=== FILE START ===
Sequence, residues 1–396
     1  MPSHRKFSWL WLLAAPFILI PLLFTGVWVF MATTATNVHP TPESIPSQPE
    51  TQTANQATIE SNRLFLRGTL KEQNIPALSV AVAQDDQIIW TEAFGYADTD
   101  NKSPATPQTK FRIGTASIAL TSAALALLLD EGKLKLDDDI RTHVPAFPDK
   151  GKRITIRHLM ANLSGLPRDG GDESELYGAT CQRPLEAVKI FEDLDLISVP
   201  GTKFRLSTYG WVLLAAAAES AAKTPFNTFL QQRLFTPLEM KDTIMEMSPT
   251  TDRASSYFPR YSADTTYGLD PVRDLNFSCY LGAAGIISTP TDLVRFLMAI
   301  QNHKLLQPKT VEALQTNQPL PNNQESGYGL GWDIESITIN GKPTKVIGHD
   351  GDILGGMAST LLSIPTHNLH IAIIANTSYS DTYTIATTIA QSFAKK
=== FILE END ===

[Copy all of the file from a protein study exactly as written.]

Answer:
Sequence, residues 1–396
     1  MPSHRKFSWL WLLAAPFILI PLLFTGVWVF MATTATNVHP TPESIPSQPE
    51  TQTANQATIE SNRLFLRGTL KEQNIPALSV AVAQDDQIIW TEAFGYADTD
   101  NKSPATPQTK FRIGTASIAL TSAALALLLD EGKLKLDDDI RTHVPAFPDK
   151  GKRITIRHLM ANLSGLPRDG GDESELYGAT CQRPLEAVKI FEDLDLISVP
   201  GTKFRLSTYG WVLLAAAAES AAKTPFNTFL QQRLFTPLEM KDTIMEMSPT
   251  TDRASSYFPR YSADTTYGLD PVRDLNFSCY LGAAGIISTP TDLVRFLMAI
   301  QNHKLLQPKT VEALQTNQPL PNNQESGYGL GWDIESITIN GKPTKVIGHD
   351  GDILGGMAST LLSIPTHNLH IAIIANTSYS DTYTIATTIA QSFAKK